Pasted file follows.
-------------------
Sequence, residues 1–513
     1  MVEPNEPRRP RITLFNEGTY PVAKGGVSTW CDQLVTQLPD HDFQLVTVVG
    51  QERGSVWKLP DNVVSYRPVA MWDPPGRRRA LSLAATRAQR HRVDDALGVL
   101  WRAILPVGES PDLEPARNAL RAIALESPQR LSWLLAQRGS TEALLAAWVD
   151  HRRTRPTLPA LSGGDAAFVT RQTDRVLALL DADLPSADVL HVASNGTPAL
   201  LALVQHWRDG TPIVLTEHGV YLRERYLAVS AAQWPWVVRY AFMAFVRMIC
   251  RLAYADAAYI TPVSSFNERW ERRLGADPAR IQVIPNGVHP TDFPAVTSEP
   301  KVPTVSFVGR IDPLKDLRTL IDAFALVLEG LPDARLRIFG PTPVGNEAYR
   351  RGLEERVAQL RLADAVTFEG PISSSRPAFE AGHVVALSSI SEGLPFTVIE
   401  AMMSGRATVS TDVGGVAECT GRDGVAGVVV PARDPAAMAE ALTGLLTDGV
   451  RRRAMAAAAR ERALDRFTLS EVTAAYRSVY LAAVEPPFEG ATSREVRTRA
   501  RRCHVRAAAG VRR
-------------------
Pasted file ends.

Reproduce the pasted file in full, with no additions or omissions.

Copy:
Sequence, residues 1–513
     1  MVEPNEPRRP RITLFNEGTY PVAKGGVSTW CDQLVTQLPD HDFQLVTVVG
    51  QERGSVWKLP DNVVSYRPVA MWDPPGRRRA LSLAATRAQR HRVDDALGVL
   101  WRAILPVGES PDLEPARNAL RAIALESPQR LSWLLAQRGS TEALLAAWVD
   151  HRRTRPTLPA LSGGDAAFVT RQTDRVLALL DADLPSADVL HVASNGTPAL
   201  LALVQHWRDG TPIVLTEHGV YLRERYLAVS AAQWPWVVRY AFMAFVRMIC
   251  RLAYADAAYI TPVSSFNERW ERRLGADPAR IQVIPNGVHP TDFPAVTSEP
   301  KVPTVSFVGR IDPLKDLRTL IDAFALVLEG LPDARLRIFG PTPVGNEAYR
   351  RGLEERVAQL RLADAVTFEG PISSSRPAFE AGHVVALSSI SEGLPFTVIE
   401  AMMSGRATVS TDVGGVAECT GRDGVAGVVV PARDPAAMAE ALTGLLTDGV
   451  RRRAMAAAAR ERALDRFTLS EVTAAYRSVY LAAVEPPFEG ATSREVRTRA
   501  RRCHVRAAAG VRR